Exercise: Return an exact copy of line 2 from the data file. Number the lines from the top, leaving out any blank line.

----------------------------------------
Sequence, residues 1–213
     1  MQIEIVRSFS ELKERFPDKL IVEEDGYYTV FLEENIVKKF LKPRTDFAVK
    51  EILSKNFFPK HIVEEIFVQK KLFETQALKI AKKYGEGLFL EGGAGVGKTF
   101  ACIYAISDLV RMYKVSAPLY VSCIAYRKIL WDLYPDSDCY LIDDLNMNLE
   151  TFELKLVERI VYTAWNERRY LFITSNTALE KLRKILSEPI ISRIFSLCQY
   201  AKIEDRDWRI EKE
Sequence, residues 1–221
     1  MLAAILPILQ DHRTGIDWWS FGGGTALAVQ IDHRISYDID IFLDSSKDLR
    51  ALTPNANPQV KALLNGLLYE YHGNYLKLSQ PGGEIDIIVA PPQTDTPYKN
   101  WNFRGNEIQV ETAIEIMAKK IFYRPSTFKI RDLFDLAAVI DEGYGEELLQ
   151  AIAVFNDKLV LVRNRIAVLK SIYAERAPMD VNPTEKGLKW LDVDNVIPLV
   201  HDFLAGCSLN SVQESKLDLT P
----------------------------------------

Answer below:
     1  MQIEIVRSFS ELKERFPDKL IVEEDGYYTV FLEENIVKKF LKPRTDFAVK